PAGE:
The Skull in the Rock: How a Scientist, a Boy, and Google Earth Opened a New Window on Human Origins

by Lee Berger and Marc Aronson

The discovery of the first bone of what would eventually be called Australopithecus... read more

The discovery of the first bone of what would eventually be called Australopithecus sediba, a previously unknown branch of human ancestry, was made by the nine-year-old son of anthropologist Lee Berger at the Cradle of Humankind in South Africa in 2008. This account opens with that momentous discovery, which has demanded that scientists reevaluate what they thought they understood about human origins. It then backtracks, describing Berger’s journey to becoming a scientist, which began with his passion for nature and science in childhood. Berger’s continued work has led to the discovery and study of more Australopithecus sediba bones. Meticulous research in the field and in the lab is one part of the process, but so, too, is creative thinking as he and others theorize about the lives the bones represent. Numerous color photographs accompany a text that captures Berger’s enthusiasm, and concludes by acknowledging how much more there is to learn. Indeed, future discoveries may contradict current conclusions. Suggestions for further reading and a glossary are provided along with a website where readers can track new developments in the study of Australopithecus sediba. (Age 9 and older)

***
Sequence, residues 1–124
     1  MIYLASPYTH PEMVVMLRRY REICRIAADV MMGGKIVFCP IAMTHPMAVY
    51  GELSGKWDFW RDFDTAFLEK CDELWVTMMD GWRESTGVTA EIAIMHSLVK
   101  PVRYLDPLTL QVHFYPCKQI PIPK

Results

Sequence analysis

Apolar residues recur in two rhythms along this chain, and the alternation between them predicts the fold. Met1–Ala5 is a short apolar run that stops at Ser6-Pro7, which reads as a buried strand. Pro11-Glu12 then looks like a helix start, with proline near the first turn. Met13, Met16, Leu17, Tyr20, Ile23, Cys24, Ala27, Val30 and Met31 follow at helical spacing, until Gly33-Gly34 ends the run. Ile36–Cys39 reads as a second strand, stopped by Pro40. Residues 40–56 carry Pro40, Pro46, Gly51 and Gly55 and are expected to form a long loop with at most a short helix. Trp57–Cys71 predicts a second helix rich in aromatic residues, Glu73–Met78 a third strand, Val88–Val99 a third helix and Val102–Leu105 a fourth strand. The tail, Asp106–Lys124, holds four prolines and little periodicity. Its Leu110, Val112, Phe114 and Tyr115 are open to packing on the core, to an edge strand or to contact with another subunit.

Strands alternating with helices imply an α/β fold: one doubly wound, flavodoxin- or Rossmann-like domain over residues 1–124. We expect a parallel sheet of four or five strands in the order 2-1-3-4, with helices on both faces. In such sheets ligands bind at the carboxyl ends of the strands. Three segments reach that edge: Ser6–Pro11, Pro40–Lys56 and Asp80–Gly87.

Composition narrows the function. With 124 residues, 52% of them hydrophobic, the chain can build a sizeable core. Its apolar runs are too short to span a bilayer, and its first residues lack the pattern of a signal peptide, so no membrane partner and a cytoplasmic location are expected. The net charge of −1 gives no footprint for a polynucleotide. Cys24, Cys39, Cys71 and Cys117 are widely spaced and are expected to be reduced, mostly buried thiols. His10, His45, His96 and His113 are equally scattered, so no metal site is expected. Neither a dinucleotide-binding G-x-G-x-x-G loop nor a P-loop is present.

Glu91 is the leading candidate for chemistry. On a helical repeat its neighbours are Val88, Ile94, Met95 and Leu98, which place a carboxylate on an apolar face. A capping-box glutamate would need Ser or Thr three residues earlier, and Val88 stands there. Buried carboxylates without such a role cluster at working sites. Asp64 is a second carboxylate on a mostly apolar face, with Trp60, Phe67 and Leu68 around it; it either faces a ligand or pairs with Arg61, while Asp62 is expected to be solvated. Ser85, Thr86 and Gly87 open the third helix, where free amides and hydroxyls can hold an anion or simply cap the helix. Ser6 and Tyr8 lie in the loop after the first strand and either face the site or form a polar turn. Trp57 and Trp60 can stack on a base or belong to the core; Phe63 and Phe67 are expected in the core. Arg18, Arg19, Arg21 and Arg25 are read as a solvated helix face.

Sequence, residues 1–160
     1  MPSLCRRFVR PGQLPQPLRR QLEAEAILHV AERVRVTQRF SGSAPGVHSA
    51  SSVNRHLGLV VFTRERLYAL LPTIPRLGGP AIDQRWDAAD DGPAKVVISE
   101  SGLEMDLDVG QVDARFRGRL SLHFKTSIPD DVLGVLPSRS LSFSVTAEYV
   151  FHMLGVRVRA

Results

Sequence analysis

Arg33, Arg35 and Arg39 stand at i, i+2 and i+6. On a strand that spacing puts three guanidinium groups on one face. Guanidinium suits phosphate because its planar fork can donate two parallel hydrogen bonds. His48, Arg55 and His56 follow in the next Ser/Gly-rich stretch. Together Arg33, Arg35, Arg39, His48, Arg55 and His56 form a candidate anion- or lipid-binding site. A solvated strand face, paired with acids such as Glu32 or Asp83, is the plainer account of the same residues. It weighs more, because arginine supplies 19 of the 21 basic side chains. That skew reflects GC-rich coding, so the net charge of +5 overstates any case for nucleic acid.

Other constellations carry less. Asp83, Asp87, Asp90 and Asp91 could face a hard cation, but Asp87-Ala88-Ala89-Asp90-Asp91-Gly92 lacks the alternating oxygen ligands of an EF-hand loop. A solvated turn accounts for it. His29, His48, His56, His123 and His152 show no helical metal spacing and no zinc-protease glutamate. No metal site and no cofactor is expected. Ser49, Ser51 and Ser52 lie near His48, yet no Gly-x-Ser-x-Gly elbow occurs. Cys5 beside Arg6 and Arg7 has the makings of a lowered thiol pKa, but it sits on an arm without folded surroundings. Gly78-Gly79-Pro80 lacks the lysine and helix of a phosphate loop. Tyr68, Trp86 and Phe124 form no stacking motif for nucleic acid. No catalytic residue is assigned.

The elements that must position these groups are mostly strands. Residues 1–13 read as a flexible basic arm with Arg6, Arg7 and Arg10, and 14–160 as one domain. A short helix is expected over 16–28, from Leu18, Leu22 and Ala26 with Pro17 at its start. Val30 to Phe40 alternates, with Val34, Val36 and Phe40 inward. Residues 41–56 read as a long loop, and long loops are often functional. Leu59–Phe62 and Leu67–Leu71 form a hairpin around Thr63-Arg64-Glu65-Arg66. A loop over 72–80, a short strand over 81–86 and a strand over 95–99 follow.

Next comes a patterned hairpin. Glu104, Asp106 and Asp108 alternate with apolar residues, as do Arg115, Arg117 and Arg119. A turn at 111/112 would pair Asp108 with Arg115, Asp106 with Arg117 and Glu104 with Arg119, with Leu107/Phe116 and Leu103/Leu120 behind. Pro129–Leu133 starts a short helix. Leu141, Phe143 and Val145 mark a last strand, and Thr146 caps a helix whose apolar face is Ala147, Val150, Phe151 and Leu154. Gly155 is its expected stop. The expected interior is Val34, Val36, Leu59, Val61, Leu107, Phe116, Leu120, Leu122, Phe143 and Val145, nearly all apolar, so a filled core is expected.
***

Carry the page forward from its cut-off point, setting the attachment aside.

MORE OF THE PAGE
© Cooperative Children's Book Center, Univ. of Wisconsin - Madison, 2013

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